Only an hour into the start of last week’s annual gathering of the American Political Science Association, Henry Kim, a doctoral student at the University of California at San Diego, is already playing hooky.
It’s “5 a.m. to us,” harrumphs a bleary-eyed Kim, as he hunches over his Starbucks coffee in the lobby of the Marriott Wardman Park Hotel. After a cross-country flight and little sleep, Kim has no intention of attending any of the morning’s first slate of panels. Nor for that matter do his buddies Justin Phillips and Nathan Batto.
Around them mill thousands of very serious political scientists, who descended on three Washington, D.C., hotels Thursday for four days of scholarly panels and roundtables, not to mention the endless schmoozing with colleagues and publishers that most say make the event worthwhile.
Immersed in discussions on civil society and regime cycles, few of the nation’s political scientists seem to care that for the most part their subjects — the actual lawmakers — aren’t even in town, with the exception of those who returned for a special session Thursday and Friday to approve funding to aid victims of Hurricane Katrina.
“We are like the scientists studying the rats in a glass box, and the politicians are the rats,” says Kim. “Quite frankly, we don’t want to be the rats or be associated with the rats.”
If the rats in question feel the same way, they aren’t saying. An official-looking man in a suit with a flag pin on his left lapel — who turns out to be Barry Jackson of the White House Office of Strategic Initiatives — declines to shed much light on whether the APSA confab wields much influence with the denizens at either end of Pennsylvania Avenue.
“Steven Schier, who convened the panel, invited us, and that’s why we are here,” Jackson finally says after an uncomfortably long silence. He slips into a ballroom where he’s scheduled to be a panelist at a discussion on the 2004 elections and Bush’s second term.
But back to Kim and his buddies, who don’t appear that enamored with their fellow political scientists, either.
“It’s a boring crowd,” says Phillips, an assistant professor at Columbia University. “It can be a little on the dry side.”
Case in point: When Batto, a classmate of Kim’s at UC San Diego, points out a late-morning session on “Advances in Roll Call Analysis,” Phillips just rolls his eyes and laughs. “I will not be going to a panel on roll call votes,” he cracks.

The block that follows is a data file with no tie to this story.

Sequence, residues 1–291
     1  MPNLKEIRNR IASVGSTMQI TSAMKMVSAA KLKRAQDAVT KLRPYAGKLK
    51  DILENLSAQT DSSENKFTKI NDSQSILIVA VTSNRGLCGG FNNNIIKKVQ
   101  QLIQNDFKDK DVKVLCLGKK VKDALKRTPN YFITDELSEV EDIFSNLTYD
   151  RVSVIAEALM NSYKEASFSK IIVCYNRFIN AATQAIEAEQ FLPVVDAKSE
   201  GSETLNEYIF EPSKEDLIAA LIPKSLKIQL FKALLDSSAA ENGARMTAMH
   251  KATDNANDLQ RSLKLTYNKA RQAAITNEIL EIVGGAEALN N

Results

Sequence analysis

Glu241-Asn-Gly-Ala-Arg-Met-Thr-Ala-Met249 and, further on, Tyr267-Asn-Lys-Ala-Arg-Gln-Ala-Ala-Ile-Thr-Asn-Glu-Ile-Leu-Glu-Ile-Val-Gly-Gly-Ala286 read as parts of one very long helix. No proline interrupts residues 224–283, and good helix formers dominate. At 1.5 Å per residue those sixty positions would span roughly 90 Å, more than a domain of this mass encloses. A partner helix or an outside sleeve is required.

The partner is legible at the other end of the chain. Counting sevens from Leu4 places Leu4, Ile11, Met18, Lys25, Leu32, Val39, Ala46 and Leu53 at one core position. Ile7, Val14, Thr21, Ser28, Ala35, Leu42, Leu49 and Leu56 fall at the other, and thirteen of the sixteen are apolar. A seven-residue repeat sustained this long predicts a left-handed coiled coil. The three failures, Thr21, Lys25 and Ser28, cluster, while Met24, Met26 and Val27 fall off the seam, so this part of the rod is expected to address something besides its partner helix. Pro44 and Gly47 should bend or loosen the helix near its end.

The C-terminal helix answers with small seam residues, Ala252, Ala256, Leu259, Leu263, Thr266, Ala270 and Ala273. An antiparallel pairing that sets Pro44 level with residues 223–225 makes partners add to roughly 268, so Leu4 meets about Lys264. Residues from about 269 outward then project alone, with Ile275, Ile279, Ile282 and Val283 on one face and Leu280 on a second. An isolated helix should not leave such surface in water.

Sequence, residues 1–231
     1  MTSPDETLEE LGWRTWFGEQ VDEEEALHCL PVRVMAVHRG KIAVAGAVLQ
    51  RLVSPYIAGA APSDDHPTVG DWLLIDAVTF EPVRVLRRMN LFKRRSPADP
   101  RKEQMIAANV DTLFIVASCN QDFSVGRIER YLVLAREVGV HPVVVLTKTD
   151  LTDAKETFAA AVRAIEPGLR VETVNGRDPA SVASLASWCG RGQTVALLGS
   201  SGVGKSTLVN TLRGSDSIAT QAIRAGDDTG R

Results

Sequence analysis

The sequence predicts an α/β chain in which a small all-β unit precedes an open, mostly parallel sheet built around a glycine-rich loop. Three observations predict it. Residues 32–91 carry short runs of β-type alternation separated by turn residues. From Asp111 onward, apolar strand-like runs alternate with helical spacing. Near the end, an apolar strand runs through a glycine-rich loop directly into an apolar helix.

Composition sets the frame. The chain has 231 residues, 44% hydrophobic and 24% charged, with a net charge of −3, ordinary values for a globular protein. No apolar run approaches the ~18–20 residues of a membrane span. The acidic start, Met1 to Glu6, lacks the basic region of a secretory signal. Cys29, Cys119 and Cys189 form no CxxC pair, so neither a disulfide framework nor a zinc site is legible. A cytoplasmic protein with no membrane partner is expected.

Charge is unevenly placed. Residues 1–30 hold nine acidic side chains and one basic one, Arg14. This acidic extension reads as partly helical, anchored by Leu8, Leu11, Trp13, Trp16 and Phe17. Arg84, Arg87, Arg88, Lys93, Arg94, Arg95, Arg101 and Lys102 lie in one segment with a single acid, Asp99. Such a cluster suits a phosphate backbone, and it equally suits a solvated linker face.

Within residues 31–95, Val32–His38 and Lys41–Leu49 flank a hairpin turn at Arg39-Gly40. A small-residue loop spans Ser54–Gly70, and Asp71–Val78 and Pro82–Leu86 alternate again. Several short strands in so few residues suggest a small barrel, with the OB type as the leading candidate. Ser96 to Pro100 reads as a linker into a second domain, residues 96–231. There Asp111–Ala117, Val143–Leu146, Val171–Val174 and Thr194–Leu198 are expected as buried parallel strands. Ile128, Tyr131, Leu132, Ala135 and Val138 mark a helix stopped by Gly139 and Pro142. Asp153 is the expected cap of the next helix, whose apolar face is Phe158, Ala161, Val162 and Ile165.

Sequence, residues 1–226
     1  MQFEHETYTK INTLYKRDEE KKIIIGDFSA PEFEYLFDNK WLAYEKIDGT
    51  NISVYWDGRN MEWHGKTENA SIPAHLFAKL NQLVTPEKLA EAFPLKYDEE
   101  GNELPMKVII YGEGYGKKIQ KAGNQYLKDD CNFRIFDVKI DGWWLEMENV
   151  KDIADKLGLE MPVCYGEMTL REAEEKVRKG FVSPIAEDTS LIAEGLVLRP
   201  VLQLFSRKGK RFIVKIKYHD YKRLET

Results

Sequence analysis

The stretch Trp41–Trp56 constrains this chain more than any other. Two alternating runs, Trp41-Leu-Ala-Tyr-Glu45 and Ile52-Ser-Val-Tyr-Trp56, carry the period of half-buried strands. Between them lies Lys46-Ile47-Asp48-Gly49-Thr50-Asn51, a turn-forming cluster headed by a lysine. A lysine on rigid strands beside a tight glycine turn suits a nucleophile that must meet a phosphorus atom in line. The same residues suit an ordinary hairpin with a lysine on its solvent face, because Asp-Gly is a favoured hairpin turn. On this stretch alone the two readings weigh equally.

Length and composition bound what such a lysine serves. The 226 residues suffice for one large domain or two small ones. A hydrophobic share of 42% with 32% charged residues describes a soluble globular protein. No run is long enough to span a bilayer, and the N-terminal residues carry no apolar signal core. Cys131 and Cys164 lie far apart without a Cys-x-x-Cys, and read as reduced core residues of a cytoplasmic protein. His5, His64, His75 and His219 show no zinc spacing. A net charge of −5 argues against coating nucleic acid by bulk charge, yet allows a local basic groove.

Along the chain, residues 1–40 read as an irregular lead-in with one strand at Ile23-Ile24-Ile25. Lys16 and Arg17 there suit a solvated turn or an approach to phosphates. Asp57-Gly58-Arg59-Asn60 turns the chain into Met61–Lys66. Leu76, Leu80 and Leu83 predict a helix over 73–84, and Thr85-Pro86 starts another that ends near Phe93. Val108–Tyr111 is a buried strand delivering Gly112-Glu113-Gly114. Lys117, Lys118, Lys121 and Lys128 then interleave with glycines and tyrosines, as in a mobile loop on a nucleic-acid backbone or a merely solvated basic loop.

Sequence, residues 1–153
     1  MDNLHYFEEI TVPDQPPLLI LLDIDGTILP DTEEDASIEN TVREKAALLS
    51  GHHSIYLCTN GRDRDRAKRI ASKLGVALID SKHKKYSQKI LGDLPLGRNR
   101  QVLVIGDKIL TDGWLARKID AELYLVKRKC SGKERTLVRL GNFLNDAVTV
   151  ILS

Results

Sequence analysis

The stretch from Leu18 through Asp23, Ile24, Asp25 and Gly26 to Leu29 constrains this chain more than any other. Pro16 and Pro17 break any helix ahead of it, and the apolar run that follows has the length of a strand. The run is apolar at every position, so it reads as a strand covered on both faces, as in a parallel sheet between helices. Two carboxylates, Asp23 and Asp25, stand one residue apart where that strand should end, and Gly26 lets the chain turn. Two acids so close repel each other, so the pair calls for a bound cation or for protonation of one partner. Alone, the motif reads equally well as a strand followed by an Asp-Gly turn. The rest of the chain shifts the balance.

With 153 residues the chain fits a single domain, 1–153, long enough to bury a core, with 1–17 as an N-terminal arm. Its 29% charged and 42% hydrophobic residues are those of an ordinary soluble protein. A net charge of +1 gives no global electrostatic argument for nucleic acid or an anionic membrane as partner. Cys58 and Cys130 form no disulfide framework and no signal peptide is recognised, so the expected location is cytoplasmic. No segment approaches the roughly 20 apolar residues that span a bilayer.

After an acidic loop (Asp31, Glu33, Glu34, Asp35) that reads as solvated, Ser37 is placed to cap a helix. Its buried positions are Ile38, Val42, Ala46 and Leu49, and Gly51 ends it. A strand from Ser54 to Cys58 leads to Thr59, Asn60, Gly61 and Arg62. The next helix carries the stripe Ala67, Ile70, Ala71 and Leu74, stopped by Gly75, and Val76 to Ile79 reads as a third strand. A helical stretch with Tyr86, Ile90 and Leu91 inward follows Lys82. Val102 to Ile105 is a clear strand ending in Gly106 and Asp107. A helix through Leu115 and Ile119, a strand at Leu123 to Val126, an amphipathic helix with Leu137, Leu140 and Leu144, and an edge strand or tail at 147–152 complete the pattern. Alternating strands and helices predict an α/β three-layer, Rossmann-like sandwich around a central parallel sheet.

Their sentiment is shared by prominent political scientist Stephen Wayne, who first started attending the 101-year-old conference in the 1960s as a graduate student. “I’m a glutton for punishment,” he quips, adding that he has no intention of going to any of the “proliferation” of mainly “boring” (and often sparsely attended) panel discussions, opting instead for a roundtable on political psychology.
As for the relevance of the yearly political scholars’ powwow, Wayne says most lawmakers or media types aren’t paying much attention.
The wide-scale destruction caused by Katrina, which decimated parts of the southeastern United States, including New Orleans, means that the tail-end of Congress’ August recess was no longer a slow news time, Wayne says. (A quick scan of the Marriott Wardman Park’s deserted main-floor press room seems to prove his point. Neat stacks of political science journals sit untouched, bottles of Pepsi and water undrunk, and not a laptop is in sight. Still, David Broder, dean of Washington’s political correspondents, does make an appearance Thursday and says he plans to write something, at some point, about the conference.)
But at least one political scientist thinks that some politicos may be paying some attention.
David Crockett, an associate professor at Trinity University in San Antonio (not to be confused with the city’s other famous Crockett), concedes that the discipline can be “very arcane and microspecialized” — “The politics of ‘Star Trek,’ no one cares about that,” Crockett says, referring to one paper title — but he believes some panels such as one on “voting behavior trends” are relevant to “some people in the White House.”